The Vernon Club, nestled in a historic building dating back to 1886, rolls out eight gleaming lanes with automatic scoring, a new Internet jukebox, and tasty comestibles for fueling competitive appetites. Players don borrowed footwear and the letterman jackets of league-player ghosts before hurling three-holed spheres toward pins poising themselves for the welcomed whack of a spare or strike. Bowlers can rest their pin-striking biceps of fury with a gooey 12-inch pizza or maintain concentration while grasping a bratwurst in non-bowling hands. On select nights, rock bands set up shop beside the lanes and churn out foot-tapping ditties until 1 a.m. or 2 a.m.
Founded in 1963 in New York as a meeting place for Broadway performers, the Improv ascended over the years to become a go-to spot for burgeoning comedians such as George Carlin, Lily Tomlin, Chris Rock, and Ellen DeGeneres. It now enjoys a slew of locations across the country, including the popular Louisville locale, which has hosted a bevy of renowned comics in the form of Margaret Cho, Jay Mohr, and Finesse Mitchell.
The Louisville Ballet prides itself on a commitment to dance education within its community, highlighting its dance school as an ideal place to provide movement instruction for toddling tots and graceful grownups alike. Hoofers ages 15 and up can boogie down, up, or backward in time in the adult-division classes, which span all levels of ballet, Zumba, jazz, hip-hop, and tap classes. Classes are held six days a week in the morning, afternoon, and evening. These fun, low-pressure classes present an excellent opportunity to learn new skills, dust off old gym or toe shoes, and meet new people, putting an end to awkward dance battles with your cumbersome coat rack.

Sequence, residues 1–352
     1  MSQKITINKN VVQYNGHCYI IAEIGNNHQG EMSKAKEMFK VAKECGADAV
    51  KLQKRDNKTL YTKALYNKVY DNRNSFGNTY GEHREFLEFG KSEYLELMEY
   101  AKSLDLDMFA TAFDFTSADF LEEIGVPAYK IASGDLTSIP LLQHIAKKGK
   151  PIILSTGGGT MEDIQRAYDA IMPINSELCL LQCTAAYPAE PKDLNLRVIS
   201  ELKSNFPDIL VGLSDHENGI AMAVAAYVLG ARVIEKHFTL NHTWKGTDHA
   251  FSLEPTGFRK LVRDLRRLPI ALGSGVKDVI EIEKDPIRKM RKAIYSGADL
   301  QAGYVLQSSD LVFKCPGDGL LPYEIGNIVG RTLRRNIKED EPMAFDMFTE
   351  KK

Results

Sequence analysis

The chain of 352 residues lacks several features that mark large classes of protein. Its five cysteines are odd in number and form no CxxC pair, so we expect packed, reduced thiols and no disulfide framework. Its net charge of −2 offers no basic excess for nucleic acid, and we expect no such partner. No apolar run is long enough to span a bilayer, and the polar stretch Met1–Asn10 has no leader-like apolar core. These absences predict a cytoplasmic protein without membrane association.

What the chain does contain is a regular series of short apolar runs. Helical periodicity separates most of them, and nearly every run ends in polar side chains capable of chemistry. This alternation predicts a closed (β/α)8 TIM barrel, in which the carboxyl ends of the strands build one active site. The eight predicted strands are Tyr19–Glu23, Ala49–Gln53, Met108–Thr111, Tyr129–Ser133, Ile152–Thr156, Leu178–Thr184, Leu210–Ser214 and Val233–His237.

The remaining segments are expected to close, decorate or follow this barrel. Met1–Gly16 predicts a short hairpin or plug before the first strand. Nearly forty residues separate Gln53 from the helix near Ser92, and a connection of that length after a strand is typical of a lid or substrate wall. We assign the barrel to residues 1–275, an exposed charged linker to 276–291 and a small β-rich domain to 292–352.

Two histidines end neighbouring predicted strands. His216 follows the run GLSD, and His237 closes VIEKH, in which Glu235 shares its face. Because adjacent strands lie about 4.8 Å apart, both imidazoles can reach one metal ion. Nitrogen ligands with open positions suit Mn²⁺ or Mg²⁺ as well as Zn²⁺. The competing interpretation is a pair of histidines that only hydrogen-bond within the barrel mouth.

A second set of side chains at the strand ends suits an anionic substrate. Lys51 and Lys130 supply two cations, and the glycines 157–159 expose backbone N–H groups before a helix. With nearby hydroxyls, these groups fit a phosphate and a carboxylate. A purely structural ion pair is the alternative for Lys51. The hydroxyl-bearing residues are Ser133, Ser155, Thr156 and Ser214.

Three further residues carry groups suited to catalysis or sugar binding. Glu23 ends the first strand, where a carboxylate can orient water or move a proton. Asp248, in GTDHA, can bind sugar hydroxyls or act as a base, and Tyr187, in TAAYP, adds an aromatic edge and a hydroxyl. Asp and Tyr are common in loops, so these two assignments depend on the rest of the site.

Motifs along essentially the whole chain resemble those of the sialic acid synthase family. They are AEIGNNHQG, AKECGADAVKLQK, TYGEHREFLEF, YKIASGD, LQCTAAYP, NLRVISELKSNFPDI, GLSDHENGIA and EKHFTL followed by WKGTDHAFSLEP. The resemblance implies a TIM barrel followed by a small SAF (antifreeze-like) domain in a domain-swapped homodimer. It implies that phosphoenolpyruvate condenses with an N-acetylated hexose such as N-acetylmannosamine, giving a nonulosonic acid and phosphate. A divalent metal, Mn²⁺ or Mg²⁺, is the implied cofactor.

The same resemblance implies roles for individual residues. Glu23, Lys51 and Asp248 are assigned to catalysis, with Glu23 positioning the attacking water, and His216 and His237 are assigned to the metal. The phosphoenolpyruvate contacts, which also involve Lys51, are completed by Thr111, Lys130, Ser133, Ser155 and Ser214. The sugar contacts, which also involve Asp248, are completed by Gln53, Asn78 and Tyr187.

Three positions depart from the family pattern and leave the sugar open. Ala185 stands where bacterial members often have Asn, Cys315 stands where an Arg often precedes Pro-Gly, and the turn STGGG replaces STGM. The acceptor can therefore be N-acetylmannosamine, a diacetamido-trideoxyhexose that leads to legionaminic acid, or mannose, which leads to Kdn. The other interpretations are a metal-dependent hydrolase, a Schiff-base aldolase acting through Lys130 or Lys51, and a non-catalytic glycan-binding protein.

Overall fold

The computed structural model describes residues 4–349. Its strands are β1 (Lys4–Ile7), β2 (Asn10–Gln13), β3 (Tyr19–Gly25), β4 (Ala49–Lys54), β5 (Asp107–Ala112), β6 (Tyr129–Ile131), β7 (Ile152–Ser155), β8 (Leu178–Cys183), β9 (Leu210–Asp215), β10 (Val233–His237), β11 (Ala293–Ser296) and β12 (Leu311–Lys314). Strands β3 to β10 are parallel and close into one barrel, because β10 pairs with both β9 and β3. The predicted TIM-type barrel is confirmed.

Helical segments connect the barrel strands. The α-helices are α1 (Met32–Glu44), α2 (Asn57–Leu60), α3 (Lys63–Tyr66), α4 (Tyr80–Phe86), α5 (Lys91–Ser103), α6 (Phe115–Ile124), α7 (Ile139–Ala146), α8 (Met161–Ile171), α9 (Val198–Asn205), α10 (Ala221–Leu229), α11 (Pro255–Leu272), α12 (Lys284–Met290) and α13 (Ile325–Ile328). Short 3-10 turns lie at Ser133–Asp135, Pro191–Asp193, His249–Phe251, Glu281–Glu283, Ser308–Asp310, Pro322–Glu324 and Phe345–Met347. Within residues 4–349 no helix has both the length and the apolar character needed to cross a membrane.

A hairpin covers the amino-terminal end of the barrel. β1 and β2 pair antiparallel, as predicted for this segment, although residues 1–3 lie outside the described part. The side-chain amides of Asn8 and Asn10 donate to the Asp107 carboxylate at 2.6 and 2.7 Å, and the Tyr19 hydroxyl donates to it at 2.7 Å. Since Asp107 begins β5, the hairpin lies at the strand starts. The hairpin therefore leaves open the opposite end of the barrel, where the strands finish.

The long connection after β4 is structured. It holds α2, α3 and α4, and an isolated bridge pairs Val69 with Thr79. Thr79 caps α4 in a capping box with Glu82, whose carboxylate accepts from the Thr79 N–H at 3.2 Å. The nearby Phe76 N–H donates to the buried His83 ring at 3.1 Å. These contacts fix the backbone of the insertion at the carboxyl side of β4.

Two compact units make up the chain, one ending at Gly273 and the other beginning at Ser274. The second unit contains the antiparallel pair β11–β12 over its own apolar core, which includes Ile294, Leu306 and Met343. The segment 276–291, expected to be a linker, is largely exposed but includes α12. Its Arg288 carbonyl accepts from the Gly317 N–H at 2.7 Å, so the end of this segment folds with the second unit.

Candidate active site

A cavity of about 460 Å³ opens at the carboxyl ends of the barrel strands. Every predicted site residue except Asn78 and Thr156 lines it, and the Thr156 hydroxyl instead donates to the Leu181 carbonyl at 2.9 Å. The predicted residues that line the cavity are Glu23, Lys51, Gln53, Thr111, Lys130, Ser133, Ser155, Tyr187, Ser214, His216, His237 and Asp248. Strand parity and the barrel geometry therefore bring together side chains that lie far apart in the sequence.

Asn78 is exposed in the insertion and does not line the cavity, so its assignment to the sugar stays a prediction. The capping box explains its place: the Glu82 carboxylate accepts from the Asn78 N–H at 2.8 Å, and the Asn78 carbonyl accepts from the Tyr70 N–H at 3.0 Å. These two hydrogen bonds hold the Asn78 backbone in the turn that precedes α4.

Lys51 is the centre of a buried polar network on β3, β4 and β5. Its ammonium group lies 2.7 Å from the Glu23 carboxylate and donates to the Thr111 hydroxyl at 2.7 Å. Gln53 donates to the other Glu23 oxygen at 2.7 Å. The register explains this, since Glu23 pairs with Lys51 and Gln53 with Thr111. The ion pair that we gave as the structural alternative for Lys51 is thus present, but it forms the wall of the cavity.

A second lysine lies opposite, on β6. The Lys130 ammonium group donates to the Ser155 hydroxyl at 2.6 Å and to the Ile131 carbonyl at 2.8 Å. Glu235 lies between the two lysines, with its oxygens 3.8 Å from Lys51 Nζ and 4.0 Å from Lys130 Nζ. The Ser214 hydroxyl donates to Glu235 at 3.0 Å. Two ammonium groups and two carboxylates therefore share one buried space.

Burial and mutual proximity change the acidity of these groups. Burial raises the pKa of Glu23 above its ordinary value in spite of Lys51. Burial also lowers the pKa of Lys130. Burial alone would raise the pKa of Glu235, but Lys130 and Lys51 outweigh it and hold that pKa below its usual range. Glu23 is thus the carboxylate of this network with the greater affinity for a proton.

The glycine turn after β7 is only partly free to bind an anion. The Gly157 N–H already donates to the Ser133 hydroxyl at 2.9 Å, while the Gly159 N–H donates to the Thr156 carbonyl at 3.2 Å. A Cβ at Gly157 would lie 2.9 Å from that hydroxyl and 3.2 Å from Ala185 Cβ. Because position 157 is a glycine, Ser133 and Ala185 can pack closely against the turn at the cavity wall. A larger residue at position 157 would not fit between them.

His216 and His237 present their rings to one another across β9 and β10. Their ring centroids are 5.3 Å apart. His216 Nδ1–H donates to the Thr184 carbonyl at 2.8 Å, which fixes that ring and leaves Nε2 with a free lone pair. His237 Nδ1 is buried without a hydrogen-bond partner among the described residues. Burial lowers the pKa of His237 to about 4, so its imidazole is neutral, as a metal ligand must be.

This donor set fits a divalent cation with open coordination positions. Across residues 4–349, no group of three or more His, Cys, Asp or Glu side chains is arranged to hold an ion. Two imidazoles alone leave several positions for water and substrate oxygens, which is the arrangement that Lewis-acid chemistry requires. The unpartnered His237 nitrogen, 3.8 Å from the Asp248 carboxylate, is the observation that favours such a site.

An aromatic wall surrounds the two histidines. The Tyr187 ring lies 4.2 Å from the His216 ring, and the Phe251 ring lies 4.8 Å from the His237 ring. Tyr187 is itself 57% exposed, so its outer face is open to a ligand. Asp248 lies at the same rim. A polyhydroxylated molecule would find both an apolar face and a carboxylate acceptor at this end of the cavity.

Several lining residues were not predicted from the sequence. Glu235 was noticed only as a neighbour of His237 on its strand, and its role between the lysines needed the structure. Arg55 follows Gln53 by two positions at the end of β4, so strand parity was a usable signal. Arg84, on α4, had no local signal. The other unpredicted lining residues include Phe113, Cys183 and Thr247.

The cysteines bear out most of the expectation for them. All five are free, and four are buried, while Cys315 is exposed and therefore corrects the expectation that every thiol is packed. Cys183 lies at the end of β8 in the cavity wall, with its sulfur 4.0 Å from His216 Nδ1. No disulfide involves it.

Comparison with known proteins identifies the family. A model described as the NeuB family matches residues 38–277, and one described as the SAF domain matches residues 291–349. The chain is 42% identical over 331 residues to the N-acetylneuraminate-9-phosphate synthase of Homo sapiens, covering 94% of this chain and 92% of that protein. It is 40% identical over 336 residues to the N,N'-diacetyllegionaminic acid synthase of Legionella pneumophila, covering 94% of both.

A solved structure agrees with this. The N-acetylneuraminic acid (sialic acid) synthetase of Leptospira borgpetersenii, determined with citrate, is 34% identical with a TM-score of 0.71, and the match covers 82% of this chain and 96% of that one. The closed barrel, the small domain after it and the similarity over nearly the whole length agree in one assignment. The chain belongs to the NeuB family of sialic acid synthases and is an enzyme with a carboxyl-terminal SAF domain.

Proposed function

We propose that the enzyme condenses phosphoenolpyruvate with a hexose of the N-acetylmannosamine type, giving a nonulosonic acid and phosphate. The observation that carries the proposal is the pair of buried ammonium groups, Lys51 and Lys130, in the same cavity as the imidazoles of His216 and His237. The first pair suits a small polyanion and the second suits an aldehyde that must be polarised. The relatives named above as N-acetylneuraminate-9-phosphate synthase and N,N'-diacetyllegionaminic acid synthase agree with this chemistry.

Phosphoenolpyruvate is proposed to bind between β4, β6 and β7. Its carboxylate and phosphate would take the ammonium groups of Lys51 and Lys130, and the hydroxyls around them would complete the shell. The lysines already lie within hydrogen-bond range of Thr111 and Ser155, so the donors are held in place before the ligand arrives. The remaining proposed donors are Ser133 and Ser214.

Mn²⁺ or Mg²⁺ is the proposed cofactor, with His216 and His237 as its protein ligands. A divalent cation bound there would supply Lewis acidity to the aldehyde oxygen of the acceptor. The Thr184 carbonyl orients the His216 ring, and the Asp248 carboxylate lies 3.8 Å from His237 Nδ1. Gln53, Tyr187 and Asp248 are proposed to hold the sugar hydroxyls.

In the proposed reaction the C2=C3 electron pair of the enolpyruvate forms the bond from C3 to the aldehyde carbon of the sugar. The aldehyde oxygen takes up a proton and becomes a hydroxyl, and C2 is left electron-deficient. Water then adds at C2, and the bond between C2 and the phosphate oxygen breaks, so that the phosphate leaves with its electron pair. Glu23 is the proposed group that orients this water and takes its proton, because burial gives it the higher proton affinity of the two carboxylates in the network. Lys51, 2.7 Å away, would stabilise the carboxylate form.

The Actors Theatre of Louisville is renowned for its world-class apprenticeship program. Each year, 22 fledgling stage performers are selected for the intensive program, during which, they hone their craft alongside tried and true professionals and perform three original plays. The performances are free to the public, though guests should still call ahead for tickets.
The Kentucky Center for the Performing Arts is dedicated to providing artistically diverse productions and enhancing the community with exciting performances in its four theaters, which are designed to woo the senses with professional acoustics, excellent lines of sight, and scratch-n-sniff wallpaper. A one-year, tax-deductible membership, which can be used by an entire household, comes in two flavors: